(Bloomberg) -- Cocoa prices took off Monday after Citigroup Inc. predicted the tightest supply situation in a decade. One analyst said that this could just be the start of the rally and it’s time to be a “raging long-term bull.”
Here’s what traders are watching:
Cocoa for July delivery jumped as much as 5.4 percent to $2,714 a metric ton Monday on ICE Futures U.S. in New York, the highest since October 2016. Prices have surged 43 percent in 2018 as dryness plagues crops in West Africa, which accounts for more than two-thirds of global supplies.
This year’s gains for cocoa are a stark reversal from the last two years, when futures plunged more than 40 percent amid a global glut. The lower prices took a toll on growers, who cut spending on farm maintenance. That’s now showing up in crop quality as yields begin to drop. At the same time, demand for chocolate has stayed strong.
The cocoa market is heading for supply shortages this year and next, Citigroup said in a report Sunday, citing rising demand and shrinking crops. Back-to-back deficits would make for the tightest supply situation since 2008, according to data from the International Cocoa Organization.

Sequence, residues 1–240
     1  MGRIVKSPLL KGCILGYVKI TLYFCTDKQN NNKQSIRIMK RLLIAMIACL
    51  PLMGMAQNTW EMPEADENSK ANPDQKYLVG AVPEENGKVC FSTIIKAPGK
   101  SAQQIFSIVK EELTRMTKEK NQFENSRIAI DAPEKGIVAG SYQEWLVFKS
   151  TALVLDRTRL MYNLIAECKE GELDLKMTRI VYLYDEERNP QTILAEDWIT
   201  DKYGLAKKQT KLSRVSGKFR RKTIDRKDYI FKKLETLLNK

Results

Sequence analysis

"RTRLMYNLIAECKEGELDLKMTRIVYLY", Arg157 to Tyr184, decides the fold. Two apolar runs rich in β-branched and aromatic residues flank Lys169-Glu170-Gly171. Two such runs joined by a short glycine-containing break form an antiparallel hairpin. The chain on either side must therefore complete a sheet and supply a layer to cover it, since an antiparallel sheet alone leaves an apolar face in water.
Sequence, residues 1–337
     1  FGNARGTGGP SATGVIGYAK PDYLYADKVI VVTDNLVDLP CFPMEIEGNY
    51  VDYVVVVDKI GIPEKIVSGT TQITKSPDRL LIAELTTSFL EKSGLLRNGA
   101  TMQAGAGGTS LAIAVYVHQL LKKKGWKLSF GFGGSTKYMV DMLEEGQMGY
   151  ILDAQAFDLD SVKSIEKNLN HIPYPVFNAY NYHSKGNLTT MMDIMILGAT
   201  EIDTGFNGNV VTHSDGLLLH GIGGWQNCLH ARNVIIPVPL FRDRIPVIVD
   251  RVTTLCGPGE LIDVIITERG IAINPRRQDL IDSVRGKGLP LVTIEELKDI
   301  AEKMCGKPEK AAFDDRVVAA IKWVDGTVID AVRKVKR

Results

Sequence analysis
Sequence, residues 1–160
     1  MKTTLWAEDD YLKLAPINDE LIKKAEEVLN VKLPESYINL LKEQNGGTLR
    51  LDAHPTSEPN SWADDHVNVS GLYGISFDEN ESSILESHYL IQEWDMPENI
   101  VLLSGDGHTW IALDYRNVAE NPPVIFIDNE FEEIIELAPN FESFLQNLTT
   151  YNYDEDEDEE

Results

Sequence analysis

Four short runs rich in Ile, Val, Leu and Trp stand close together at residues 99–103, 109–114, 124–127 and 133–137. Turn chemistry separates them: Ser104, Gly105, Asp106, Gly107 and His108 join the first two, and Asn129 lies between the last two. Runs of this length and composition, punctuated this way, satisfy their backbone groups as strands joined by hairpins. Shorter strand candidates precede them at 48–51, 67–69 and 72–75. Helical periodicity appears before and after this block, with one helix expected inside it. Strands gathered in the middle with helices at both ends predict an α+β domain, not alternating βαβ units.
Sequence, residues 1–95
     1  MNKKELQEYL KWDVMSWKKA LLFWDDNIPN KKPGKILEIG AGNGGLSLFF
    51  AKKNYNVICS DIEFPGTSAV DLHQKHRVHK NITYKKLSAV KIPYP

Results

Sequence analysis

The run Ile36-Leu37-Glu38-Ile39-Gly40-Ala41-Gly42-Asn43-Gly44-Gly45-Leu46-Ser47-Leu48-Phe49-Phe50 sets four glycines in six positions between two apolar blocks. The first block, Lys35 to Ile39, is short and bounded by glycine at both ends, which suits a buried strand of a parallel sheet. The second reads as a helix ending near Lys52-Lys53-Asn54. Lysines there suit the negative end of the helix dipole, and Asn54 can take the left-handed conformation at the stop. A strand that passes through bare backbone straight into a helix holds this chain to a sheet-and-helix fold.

Along with the problems for African crops, other growers are also facing challenges. Indonesia’s output is likely to trail expectations this season, Citigroup said. The nation’s production has slumped in the past decade due to aging trees, diseases, extreme weather and better returns for other commodities.
El Nino Looms
There’s a 37 percent chance that an El Nino weather pattern will form by early fall, according to the U.S. Climate Prediction Center. The phenomenon is known for bringing even more dryness to West African cocoa regions.
“We are raging long-term bulls in the cocoa market given the high correlation of bullish price moves against poor Western African cocoa production output during El Nino years,” Shawn Hackett, the president of Hackett Financial Advisors in Boynton Beach, Florida, said in a report. “The longer time passes by and the more El Nino weather impacts begin to run the global weather patterns, the more bullish this market will become,” he said, adding that futures could test the 32-year high that was set in 2011.
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